Every renter knows there a few parts of a home that are generally off-limits to redecorate. Given that every structural change needs to be approved by building management, you usually have to turn a blind eye to a dated kitchen—or at least, that's what we thought.
If you've been putting up with '70s tiles and worn shelves because you can't renovate, , editorial director at , says there is a way to update a kitchen without remodeling. Tolbert, who's gained serious DIY cred for his stunning , has turned his attention to , a once cramped, dimly lit space.
"In an ideal world, I would have been able to rip out the cabinets and create a more functional layout by adding counter space and storage," Tolbert tells MyDomaine. "But since I wasn't able to do that I started with a good coat of fresh white paint which instantly brightened up the kitchen."
A coat of paint was just the start of Tolbert's project. Take a look at the stunning before and after photos to find out how a design pro transforms a kitchen without renovating. Turns out it's possible.
When Tolbert moved into the new apartment, he knew the kitchen showed promise. "To be completely honest, I loved the kitchen when I moved in. Granted it was not perfect, but it did have a totally functional layout and tons of old character with detailed moldings on the walls and ceilings and vintage shaker-style cabinets," he explains on Emily Henderson's site.
He likens it to a first date: "My first impression of my kitchen was akin to one of those first dates where you definitely can see the guy has flaws, and that he might have some weird habits that you either have to get used to or change." Luckily, he adds, the kitchen has transformed "from Prince Alarming to a much more palatable Prince Charming."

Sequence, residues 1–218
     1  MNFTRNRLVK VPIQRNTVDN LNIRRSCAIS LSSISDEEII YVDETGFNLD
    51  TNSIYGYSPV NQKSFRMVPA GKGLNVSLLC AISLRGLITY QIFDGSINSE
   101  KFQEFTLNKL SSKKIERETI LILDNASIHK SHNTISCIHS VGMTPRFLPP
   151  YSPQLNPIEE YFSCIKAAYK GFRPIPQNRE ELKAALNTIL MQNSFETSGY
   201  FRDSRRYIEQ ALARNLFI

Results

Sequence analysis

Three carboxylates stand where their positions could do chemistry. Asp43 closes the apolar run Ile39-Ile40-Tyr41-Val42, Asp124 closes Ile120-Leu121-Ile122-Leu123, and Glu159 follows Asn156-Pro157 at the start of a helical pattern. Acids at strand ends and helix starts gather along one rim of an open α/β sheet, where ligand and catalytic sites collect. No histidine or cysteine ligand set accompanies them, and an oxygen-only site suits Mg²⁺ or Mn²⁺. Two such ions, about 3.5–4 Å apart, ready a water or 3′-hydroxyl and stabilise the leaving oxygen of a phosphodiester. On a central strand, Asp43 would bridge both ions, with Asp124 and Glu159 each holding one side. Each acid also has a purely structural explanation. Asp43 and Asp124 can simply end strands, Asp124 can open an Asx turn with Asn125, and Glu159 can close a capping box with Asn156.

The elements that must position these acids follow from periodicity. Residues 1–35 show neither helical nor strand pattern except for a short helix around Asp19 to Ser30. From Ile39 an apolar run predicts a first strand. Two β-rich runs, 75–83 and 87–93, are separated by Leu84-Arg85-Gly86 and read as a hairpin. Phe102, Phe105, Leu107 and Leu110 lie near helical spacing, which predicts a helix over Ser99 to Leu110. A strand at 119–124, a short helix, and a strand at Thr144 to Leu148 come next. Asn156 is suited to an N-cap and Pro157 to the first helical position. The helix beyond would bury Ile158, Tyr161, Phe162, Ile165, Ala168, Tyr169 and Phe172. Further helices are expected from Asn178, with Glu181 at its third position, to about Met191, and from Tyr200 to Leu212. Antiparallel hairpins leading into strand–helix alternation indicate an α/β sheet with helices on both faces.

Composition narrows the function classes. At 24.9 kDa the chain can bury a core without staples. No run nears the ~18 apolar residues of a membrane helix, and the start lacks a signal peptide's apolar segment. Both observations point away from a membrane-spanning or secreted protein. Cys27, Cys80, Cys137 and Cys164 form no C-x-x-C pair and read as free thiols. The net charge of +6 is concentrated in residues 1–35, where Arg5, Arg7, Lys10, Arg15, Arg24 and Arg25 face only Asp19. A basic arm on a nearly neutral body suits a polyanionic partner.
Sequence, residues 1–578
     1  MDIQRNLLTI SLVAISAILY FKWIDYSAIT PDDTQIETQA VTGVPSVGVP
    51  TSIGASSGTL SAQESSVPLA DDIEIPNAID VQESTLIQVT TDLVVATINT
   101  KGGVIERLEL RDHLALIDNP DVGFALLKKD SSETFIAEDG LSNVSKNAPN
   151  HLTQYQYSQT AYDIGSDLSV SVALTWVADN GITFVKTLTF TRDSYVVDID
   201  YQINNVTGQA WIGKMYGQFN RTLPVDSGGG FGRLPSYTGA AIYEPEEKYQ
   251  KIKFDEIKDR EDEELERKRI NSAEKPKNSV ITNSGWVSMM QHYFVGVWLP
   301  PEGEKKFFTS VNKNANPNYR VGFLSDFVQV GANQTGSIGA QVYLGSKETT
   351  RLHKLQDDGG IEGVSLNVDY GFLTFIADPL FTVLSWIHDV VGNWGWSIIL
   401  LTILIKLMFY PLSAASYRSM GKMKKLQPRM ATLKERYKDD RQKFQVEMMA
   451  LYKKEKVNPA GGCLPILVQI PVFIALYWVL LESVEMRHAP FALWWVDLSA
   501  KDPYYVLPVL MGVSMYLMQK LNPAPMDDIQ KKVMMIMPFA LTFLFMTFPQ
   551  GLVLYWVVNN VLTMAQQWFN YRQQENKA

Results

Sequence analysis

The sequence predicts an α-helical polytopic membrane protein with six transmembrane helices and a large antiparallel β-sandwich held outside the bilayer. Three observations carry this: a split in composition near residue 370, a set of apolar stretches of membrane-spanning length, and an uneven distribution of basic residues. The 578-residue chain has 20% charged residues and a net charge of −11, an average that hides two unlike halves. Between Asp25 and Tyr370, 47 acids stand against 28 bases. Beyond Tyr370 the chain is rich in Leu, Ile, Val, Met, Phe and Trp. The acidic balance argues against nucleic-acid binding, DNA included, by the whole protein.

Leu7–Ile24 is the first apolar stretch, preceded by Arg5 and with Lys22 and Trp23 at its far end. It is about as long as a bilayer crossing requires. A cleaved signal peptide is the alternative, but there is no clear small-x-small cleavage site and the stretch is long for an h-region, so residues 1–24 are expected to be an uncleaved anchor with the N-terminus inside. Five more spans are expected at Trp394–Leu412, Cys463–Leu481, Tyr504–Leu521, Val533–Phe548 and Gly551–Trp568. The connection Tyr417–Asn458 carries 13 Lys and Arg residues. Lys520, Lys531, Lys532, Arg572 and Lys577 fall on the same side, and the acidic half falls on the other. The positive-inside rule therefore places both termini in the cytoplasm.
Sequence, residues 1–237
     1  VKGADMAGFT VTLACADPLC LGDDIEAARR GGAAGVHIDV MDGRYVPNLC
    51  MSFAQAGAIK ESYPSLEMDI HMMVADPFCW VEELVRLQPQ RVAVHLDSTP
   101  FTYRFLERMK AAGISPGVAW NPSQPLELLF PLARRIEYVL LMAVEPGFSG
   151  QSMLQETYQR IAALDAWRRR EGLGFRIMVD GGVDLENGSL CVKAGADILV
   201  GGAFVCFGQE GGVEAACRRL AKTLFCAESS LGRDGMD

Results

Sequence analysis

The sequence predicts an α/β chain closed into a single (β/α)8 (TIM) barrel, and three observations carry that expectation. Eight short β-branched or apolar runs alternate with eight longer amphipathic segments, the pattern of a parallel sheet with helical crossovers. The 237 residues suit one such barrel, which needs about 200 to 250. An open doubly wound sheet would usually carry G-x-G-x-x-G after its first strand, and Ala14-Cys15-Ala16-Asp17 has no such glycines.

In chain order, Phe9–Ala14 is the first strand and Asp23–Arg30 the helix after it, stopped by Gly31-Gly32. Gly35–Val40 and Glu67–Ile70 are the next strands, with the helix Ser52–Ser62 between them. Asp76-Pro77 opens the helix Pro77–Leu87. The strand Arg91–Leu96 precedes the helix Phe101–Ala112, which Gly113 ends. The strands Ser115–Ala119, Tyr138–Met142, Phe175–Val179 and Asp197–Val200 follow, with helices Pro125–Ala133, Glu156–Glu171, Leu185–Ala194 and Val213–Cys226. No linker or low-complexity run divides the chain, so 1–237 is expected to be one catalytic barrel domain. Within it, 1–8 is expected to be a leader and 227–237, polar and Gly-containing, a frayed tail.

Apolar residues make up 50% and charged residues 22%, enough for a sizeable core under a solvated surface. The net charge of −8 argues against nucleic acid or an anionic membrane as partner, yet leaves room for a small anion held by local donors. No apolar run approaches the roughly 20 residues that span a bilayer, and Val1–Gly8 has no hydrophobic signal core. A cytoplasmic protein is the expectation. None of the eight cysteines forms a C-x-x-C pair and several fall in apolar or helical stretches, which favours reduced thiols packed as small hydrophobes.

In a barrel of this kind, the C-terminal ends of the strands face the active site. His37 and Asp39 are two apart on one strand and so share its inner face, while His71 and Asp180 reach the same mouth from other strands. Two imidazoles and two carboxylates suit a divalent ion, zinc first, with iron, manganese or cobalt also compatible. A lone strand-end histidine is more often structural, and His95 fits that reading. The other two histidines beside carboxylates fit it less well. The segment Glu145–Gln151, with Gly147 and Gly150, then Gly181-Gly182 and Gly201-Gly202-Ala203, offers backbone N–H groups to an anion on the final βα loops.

If you only have an hour to refresh your kitchen, Brady recommends starting with hardware. "If you aren't in a place to renovate and don't have a DIY thumb, the easiest and quickest way to give your kitchen a refresh is to swap out all the hardware and clear off all the clutter from the countertops," he says. "The knobs will help to update the look of your cabinets and the overall feel of the kitchen, and clearing the countertop visually makes the space feel new and fresh."
If you struggle to edit the items on your countertop, Brady swears by this simple but effective rule. "Try to keep [tidy] by only leaving out the things you use on a daily basis. It might require a little juggling and reorganization of your cabinets, but in the long run, having counters that are clear from clutter and appliances is such an easy way to give your space a visual update," he says. Bonus: "It only takes a few hours, so you can spend the rest of your weekend relaxing."
In keeping with the black-and-white theme of the dining room, Tolbert opted to install an all-black Smeg fridge next to the existing stovetop. The floors are a genius DIY trick: They're actually removable peel-and-stick tiles he installed over the top of the existing floor.
Shelving and storage was a major focus for Tolbert. "When I first moved into the apartment, there was one single shelf on this wall above the sink, and not only was it pretty shallow, but it was at a little bit of an awkward height," he explains.
To make the space more functional, he replaced it with three new shelves at a better height and styled them with organic-shaped bowls, glasses, and ceramics. "Luckily the ceilings were quite tall, so I was able to add a lot of open shelving to the walls, which not only helped with my storage needs but visually made the room look larger as the shelves brought the eye all the way up to the ceiling."
The walk-through kitchen flows into a space Tolbert affectionately called his "dining nook," a light-drenched area that's a focal point when you enter the kitchen. The eye travels from the brass-and-leather Dwell Studio chairs up to the exposed-wire chandelier from , then to the feature wall: a Tetris-like display of elegant black-and-white artwork.
Looking back at photographs of the dimly lit kitchen space before Brady's makeover makes you realize just how much thought and effort have gone into the design. Every shelf is carefully styled with handpicked ceramics, every cupboard has been maximized, and every detail down to the size and style of the drawer pulls adheres to the same refined but cool aesthetic. It's just one more room in Tolbert's fast-growing portfolio of work. Next up: the home office. "I just got some wallpaper installed and things are shaping up so stay tuned for that reveal," he says.
We can't wait.
What do to you think about this rental kitchen makeover? Have you tried any of these styling tricks at home?